class C {
  auto (*foo)() -> decltype(this);
};

This code is accepted by GCC, MSVC, and clang, but not icc.

up vote 7 down vote accepted

Quoting n4140 (roughly C++14) [expr.prim.general]:

3 If a declaration declares a member function or member function template of a class X, the expression this is a prvalue of type "pointer to cv-qualifier-seq X" between the optional cv-qualifer-seq and the end of the function-definition, member-declarator, or declarator. It shall not appear before the optional cv-qualifier-seq and it shall not appear within the declaration of a static member function (although its type and value category are defined within a static member function as they are within a non-static member function). [...]

4 Otherwise, if a member-declarator declares a non-static data member (9.2) of a class X, the expression this is a prvalue of type "pointer to X" within the optional brace-or-equal-initializer. It shall not appear elsewhere in the member-declarator.

Since you're not declaring a member function or member function template, p3 doesn't apply, but this is what would make the code valid for the non-pointer case where you actually declare a member function: the trailing return type is between the optional cv-qualifier-seq and the end of the declarator, as made clearer in the definition of a const member function:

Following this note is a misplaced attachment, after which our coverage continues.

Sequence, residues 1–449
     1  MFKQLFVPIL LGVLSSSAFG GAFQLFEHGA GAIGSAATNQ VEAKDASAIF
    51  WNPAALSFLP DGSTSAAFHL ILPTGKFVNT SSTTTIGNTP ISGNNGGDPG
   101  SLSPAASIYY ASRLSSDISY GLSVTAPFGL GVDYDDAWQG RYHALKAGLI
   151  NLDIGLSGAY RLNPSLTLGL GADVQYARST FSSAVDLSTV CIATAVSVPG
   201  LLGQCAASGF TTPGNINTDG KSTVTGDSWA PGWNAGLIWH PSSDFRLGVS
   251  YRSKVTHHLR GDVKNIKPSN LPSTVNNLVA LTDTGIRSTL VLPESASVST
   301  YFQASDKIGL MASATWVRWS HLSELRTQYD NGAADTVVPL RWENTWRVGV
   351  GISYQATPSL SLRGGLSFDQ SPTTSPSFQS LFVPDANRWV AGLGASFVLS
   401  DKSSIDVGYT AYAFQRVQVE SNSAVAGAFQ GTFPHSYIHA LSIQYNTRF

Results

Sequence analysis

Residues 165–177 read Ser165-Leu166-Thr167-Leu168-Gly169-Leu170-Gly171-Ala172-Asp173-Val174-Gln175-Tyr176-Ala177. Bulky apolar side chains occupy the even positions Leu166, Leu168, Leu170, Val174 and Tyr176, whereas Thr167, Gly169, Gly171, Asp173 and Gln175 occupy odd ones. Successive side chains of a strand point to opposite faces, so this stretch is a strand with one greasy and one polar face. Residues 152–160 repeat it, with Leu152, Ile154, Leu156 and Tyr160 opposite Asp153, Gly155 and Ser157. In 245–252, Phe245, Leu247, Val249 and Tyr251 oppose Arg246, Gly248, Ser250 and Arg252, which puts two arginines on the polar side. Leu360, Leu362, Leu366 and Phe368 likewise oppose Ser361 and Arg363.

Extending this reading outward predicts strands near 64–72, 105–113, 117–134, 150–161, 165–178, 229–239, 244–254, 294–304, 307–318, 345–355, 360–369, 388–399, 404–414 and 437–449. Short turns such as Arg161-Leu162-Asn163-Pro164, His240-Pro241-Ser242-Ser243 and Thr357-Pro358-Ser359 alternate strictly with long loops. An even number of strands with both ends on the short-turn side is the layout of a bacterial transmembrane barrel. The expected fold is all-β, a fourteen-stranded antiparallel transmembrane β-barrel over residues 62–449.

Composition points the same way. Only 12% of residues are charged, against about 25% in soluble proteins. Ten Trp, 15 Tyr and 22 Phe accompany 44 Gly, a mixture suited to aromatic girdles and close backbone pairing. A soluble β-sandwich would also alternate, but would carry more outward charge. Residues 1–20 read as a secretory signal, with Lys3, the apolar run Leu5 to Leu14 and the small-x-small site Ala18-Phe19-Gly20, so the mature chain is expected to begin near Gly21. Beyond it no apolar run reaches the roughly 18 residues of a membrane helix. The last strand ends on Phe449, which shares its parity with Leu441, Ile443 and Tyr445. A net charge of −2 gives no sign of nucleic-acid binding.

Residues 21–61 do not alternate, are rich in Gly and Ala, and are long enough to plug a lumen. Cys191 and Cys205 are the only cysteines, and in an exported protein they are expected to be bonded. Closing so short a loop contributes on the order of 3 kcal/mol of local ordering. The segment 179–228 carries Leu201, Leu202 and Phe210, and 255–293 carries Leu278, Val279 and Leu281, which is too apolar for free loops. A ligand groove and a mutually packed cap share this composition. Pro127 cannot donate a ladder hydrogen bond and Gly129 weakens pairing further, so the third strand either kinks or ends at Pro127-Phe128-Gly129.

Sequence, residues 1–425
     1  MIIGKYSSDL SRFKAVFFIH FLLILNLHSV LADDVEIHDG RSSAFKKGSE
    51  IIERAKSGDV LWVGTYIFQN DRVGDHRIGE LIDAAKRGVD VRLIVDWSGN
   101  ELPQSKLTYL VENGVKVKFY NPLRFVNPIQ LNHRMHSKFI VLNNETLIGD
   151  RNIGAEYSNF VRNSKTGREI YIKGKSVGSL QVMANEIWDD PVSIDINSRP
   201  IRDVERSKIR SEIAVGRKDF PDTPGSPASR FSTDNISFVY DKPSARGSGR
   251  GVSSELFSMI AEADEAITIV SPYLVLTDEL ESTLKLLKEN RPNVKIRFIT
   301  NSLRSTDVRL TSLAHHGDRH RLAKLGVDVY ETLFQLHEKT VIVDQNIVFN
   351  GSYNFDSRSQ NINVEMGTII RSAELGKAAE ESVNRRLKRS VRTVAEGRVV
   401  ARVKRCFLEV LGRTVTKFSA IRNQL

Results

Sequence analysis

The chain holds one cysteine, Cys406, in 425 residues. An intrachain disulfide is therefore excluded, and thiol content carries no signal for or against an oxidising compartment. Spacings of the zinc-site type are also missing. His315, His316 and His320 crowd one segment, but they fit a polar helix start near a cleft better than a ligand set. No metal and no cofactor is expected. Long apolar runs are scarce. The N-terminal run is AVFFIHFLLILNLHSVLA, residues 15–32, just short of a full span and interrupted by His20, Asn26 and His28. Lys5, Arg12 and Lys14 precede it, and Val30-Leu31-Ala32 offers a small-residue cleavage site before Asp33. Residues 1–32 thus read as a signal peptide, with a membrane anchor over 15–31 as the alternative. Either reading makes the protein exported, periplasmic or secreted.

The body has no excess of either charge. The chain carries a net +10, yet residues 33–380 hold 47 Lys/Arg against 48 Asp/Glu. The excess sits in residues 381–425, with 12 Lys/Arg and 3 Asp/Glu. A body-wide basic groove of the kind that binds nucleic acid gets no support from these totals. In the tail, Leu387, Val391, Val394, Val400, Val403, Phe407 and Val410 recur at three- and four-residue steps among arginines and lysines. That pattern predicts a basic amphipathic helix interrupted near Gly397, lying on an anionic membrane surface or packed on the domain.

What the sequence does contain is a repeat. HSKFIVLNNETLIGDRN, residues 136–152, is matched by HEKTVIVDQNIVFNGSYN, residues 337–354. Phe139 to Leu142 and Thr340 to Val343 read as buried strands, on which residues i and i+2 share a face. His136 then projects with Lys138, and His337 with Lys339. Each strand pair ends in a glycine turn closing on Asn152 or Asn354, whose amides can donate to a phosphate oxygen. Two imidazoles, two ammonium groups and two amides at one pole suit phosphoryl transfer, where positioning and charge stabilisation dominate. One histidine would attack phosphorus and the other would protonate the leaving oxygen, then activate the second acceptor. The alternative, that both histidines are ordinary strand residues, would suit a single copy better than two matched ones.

auto foo() const -> decltype(this) { }

p4 is what applies here though. It allows this only to appear in the initialiser. You're putting it elsewhere. p3 doesn't apply, so ICC is correct to reject this.

  • 1
    Don't you think that the end of first sentence somehow does not match the beginning? I mean at the beginning it is only member function that is listed as a context where this have that certain meaning, however at the end it is somehow assumed that such context also includes member-declarator, or declarator. Or is there something that starts as member function declaration but ends as declarator? The ending makes me think that p3 actually does apply. – VTT Nov 7 '17 at 19:31
  • 1
    @VTT No, that's just because a member function or member function template declaration may, depending on the context, be in the form of a function-definition (if it includes a definition), a member-declarator (if it appears in-class without a definition), or a declarator (if it appears outside of a class without a definition). – hvd Nov 7 '17 at 19:48

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